The larger plot unfolds where a woman leads a witch hunt initiative, using the children in her orphanage as workers to spread the world. It’s a trite allegory to fundamental Christianity that literally blows up when you find out they’re the ones responsible for the mysterious evil magic that does a lot of the destroying for most of the film. If this magical evil is so devastating and dangerous, why the hell isn’t it mentioned in the Harry Potter stories? It makes Dementors look like a walk in the park.

To make things worse, the music kicks in during dramatic moments and it’s one of the most tone-deaf, out of touch soundtracks I’ve ever heard from a film. Obviously, not having John Williams is going to take the music a step down, but whoever decided when and where to put the music in this film should have their ears checked. Bright, swelling music will play over a dark, dramatic twist and absolutely kill the mood. It’s as if James Newton Howard came up with a few hours of music without seeing anything of the film and they slapped it together in the audio mixing and called it a day once every scene had some sort of music.

I was at least hoping for some good setpieces. Director David Yates made some magnificent, magical moments in films like Order of the Phoenix and Deathly Hallows Part 1 & Part 2. But here, the setpieces are massive CGI messes that lack the weightiness and creativity of the Harry Potter films. There’s nothing impressive about seeing people hop around what was clearly a green screen. Also, the direction is overall poor. There’s no drama to the action, just empty spectacle, which might be more of a writing problem than a directing problem.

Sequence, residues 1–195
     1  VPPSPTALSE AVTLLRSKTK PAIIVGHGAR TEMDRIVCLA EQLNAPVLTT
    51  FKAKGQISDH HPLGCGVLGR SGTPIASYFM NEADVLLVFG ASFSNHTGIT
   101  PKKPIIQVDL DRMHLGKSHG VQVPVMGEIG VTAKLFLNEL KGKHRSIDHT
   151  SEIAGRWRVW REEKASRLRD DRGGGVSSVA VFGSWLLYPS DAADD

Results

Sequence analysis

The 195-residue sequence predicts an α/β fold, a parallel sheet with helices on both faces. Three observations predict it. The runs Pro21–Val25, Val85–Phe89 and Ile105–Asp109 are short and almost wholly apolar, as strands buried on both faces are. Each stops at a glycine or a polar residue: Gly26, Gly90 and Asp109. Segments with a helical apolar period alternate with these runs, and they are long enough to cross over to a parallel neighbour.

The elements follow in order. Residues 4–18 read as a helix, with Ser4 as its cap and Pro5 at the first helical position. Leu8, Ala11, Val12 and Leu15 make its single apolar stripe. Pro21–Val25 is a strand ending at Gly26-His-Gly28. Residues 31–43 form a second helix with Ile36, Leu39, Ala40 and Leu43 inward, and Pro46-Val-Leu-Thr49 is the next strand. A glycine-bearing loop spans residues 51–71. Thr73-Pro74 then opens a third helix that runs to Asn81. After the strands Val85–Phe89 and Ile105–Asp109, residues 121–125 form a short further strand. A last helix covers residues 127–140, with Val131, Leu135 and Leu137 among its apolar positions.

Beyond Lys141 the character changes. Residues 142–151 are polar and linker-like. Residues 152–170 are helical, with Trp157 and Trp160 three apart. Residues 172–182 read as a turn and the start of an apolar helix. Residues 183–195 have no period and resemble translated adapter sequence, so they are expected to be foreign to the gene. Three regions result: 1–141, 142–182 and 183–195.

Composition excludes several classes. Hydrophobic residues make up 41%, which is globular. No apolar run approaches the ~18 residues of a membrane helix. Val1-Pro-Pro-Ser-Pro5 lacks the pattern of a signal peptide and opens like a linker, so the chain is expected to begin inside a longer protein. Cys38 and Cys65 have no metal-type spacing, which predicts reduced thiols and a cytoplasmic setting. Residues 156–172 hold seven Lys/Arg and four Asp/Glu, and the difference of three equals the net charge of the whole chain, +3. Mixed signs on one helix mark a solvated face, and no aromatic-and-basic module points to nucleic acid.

But the worst offense is the way the film uses magic to get out of every single problem. I always had this problem with Harry Potter, but it tended to show that even then there were grave consequences. Characters you cared about died, certain uses of magic tormented the people who used them, some wounds magic couldn’t heal. Here, everything is tidied up with a big show of magic, meaning everything watched up to that point is completely inconsequential and frivolous. No stakes, no peril, no tension.

In my dream world, this film would have been an opportunity to play with form and get some fresh talent involved. I’m imagining a documentary style film about Newt finding all these amazing, dangerous magical creatures, Steve Irwin style. “Now over here we have a Pollywapper, one of the most venomous magical creatures in the world. Let’s take a closer look. Now…I’m just going to grab it by the tail.” Get Trollhunter’s André Øvredal or What We Do in the Shadows’s Taika Waititi to direct.

Instead, we get a film that mirrors the structure of the Harry Potter films without any of the magic. Boring, one-dimensional characters, enough plot holes to give YouTubers and bloggers hours of material, and the liberal use of magic to solve everything make for a boring, uninspired film. In an age where franchises rule the box office, insipid, uninspired junk like this will continue to be popular as long as rabid fans continue to see every last entry. I’m calling it quits. The Harry Potter ship has sailed. Go reread the books, go rewatch the films, but for goodness sake don’t see this garbage.

© 2016 James Blake Ewing